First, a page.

WHEN Prime Minister Philip “Brave” Davis gave his mid-year Budget communication last week, it seems something did not add up.
He told the House that the government experienced a net deficit of $285.7m – that’s $7.8m more than the previous year.
The press duly reported this rise in deficit – ourselves included.
Yesterday, Mr Davis started out on the offensive, blaming the press.
However, when East Grand Bahama MP Kwasi Thompson pointed out that Mr Davis’ actual speech last week contained the figures that the press reported, he found a new target – his speech writers.
He said: “That was a misspeak by the writers. That’s why I made a point to correct it. What I said today is correct.”
If that was the case, then why did he not say so in the first place, and why did it take the intervention of Mr Thompson to nudge him to where he apparently wanted to be to make a point to correct it.
Is it really so hard to get up and tell the House that you misspoke and that you wanted to correct the record?
If Mr Thompson had not intervened, would Mr Davis have left it as an attack on the media for accurately reporting his words?
The difficulty with this is of course that we have already seen this administration show great reluctance for being forthcoming with the saga over whether or not Minister of Works Alfred Sears saw the proposal on fuel hedging at BPL.
In December, Mr Sears finally admitted that he had been briefed on fuel hedging – but it took a long while for him to get there.
The email was sent to him in October, but by his own admission it was “several weeks” before he took some time while he was in New York to go through his emails and find that he had indeed received the briefing he denied in the House.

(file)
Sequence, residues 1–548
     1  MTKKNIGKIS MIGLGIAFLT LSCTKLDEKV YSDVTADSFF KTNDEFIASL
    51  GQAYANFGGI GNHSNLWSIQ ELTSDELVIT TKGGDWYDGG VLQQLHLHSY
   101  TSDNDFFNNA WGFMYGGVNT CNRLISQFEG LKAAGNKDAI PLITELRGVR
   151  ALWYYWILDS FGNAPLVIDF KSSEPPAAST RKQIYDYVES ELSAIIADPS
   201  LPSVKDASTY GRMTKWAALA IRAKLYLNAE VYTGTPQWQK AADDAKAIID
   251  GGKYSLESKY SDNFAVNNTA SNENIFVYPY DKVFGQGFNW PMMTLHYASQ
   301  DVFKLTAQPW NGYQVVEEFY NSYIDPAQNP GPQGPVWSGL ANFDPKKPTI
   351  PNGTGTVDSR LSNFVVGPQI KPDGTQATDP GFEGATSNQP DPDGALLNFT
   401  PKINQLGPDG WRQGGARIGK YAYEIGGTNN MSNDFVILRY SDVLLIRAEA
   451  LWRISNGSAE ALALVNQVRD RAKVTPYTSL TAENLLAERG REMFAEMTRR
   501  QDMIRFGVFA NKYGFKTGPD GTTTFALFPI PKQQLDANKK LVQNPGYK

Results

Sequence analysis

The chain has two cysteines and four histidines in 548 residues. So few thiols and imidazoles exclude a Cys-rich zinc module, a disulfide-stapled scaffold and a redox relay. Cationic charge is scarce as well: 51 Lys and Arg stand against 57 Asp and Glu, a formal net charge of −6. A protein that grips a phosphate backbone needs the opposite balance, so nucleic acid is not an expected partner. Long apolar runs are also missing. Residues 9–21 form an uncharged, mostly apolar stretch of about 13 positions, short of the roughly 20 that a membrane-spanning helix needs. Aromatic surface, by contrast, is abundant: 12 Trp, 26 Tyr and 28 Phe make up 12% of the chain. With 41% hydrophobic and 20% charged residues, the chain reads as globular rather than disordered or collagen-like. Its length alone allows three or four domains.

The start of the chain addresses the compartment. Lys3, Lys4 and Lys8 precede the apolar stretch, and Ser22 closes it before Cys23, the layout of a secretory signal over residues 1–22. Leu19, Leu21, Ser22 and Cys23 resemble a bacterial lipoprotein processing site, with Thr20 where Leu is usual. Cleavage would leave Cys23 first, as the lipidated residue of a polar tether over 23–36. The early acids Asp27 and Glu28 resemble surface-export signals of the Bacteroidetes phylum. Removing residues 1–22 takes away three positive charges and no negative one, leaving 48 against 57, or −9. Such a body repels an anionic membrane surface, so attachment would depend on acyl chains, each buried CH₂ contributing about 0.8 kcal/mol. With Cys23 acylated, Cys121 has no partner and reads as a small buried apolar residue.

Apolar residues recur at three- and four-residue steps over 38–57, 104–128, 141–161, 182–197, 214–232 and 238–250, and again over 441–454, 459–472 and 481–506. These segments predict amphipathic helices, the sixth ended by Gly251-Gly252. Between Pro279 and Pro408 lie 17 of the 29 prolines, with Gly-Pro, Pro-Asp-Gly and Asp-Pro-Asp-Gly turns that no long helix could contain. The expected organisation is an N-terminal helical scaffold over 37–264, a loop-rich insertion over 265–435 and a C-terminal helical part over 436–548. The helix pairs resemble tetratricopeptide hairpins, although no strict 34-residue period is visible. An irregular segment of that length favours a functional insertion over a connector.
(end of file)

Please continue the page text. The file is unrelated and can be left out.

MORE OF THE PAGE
This came after repeated calls from FNM leader Michael Pintard to resign over his misstatements to the House.
To his credit, Mr Davis has clarified the matter far more swiftly. To his detriment, he has tried to put the blame on others.
Ultimately, it is his words and his speech. The speech writer doesn’t carry the blame if the House is misled in any fashion – the person giving the speech does.
So Mr Davis could have handled the matter with far more grace – and a little more respect for those he is addressing.
It is good news that the deficit has not increased – although the drop isn’t much, $276m rather than $281.3m. That’s moving in the right direction, albeit slowly.
There are some positive signs regarding the economy that deserve to be celebrated – our tourism numbers particularly have shown a strong rebound after the lockdowns of COVID.
An error in reporting figures serves as a distraction from that – and pointing the blame elsewhere instead of accepting it, correcting the record and moving on takes the focus off what has been done.
It also lessens trust in other figures that are reported to Parliament – how thoroughly have these details been checked before the House, and the nation, is informed?
Mr Davis should have just accepted the error on his part from the start, and would likely have looked better for doing so. Shifting the blame to others is never a good look, when we all saw him say the words himself.